Microbes found themselves buried in dirt 101.5 million years ago, before even Tyrannosaurus rex when the largest meat-eating dinosaur on Earth, called Spinosaurus was passing through the planet. Time passed, the continents shifted, the oceans rose and fell, great apes emerged and eventually humans evolved with the curiosity and skill to dig those ancient cells. And now, in a Japanese lab, researchers have brought the organisms with single cells back to life.
Researchers aboard the drilling vessel JOIDES Resolution collected samples of sediment from the ocean floor 10 years ago. Samples came from 1008 feet (100 meters) below the 20,000-foot-deep (6,000 m) bottom of the Southern Gyre bottom. That’s a region of the Pacific Ocean that contains little nutrients and little oxygen available for life to live on, and researchers have been looking for data on how microbes are brought together in such a remote part of the world.
“Our main question was whether life could exist in a limited environment such as a nutrient or whether it was a lifeless area,” said Yuki Morono, a scientist at the Japan Agency for Marine Science and Technology. the lead author of a new paper on germs, said in a statement. “And we wanted to know how long microbes could sustain their lives in near food shortages.
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Their results indicate that even cells found in 101.5 million years old sediment samples are able to activate when oxygen and nutrients become available.
“At first, I was skeptical, but we found that up to 99.1% of the germs in the sediment deposited 101.5 million years ago were still alive and ready to eat,” Morono said.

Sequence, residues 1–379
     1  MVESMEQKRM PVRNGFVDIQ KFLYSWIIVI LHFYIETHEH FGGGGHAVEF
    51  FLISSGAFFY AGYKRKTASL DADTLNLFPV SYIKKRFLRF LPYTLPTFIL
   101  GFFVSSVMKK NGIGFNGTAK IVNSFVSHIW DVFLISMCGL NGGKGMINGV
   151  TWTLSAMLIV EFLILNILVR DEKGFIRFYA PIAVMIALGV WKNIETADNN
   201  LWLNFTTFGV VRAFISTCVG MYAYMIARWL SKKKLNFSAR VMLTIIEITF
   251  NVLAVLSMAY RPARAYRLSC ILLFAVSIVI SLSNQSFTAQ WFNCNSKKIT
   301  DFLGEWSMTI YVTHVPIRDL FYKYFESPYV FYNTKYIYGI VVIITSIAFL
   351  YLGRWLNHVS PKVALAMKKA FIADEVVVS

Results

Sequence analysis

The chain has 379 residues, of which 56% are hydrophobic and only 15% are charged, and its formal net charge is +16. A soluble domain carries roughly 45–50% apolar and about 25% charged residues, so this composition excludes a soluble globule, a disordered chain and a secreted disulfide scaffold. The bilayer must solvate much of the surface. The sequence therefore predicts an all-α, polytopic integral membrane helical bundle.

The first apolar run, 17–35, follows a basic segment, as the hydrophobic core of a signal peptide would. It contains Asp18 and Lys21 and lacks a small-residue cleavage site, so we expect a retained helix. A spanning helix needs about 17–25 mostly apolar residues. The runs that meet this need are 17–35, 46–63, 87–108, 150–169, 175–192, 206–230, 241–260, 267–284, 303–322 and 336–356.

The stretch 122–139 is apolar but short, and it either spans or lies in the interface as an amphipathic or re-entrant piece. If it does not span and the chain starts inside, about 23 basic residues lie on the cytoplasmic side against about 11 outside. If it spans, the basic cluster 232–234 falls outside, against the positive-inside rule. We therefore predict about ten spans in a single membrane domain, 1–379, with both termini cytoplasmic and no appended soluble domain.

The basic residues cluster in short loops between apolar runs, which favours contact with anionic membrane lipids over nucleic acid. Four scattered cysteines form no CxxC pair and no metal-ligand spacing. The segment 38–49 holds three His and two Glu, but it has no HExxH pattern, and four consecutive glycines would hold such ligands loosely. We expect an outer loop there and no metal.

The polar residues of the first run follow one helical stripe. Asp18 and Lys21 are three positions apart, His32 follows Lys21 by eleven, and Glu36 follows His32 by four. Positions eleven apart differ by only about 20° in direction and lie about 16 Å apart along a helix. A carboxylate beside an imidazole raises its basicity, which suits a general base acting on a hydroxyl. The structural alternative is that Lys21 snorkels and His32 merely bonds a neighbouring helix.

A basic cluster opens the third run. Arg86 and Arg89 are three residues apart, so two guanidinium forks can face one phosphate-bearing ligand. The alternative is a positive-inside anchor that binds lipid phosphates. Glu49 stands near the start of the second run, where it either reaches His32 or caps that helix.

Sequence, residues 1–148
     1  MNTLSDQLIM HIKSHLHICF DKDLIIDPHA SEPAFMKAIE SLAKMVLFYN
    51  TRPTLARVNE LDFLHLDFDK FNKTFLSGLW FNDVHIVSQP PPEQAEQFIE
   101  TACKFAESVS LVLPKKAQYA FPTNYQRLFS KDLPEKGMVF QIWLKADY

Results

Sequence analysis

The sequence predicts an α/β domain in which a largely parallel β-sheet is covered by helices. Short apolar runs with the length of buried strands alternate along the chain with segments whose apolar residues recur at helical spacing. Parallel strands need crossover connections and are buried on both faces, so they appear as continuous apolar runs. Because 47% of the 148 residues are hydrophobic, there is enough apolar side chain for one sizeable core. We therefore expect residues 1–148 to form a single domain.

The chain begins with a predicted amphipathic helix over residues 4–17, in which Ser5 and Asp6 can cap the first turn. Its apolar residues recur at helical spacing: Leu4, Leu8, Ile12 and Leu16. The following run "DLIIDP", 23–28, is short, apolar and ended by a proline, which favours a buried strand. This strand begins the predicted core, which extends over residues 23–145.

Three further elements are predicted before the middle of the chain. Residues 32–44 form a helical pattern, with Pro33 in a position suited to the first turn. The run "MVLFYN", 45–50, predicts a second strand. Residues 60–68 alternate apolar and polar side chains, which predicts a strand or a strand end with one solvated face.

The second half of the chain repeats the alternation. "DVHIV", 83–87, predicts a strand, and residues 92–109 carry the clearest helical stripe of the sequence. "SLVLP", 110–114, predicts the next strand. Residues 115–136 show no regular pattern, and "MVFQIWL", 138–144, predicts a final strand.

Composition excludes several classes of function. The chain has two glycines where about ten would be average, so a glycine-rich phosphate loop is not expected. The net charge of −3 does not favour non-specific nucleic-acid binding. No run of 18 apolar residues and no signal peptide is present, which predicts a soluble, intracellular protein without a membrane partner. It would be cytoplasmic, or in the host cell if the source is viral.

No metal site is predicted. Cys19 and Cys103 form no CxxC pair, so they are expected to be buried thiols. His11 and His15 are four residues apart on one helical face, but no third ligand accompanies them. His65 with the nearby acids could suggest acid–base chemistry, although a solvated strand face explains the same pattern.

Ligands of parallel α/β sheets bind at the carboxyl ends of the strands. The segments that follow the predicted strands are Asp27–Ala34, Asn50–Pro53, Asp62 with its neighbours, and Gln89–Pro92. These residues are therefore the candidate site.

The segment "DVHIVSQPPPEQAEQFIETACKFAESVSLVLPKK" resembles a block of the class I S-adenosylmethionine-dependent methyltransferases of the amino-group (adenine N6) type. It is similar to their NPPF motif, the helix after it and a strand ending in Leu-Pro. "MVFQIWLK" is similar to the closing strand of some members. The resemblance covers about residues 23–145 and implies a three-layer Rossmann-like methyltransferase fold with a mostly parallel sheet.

The microbes stopped all noticeable activity. But when they offered nutrients and other necessities of life they became active again.
To ensure that their sample was not contaminated with modern microbes, the researchers cracked open the sediment in a very sterile environment, select the microbial cells present and give them an exclusively tiny nutrient tube designed to prevent contaminants.
The cells responded, most of them quickly. They quickly burst nitrogen and carbon. In 68 days, the total number of cells was quadrupled from the original 6,986.
Aerobic bacteria – oxygen breathers – were the worst cells and likely to wake up. These tiny organisms survived only on the small air bubbles that make their way down into the sediment on geological time scales. It appears that the metabolic rate of aerobic bacteria is slow enough to allow them to survive for such extended periods.
The research was published on July 28 in the journal Nature Communications.
Originally published on Live Science.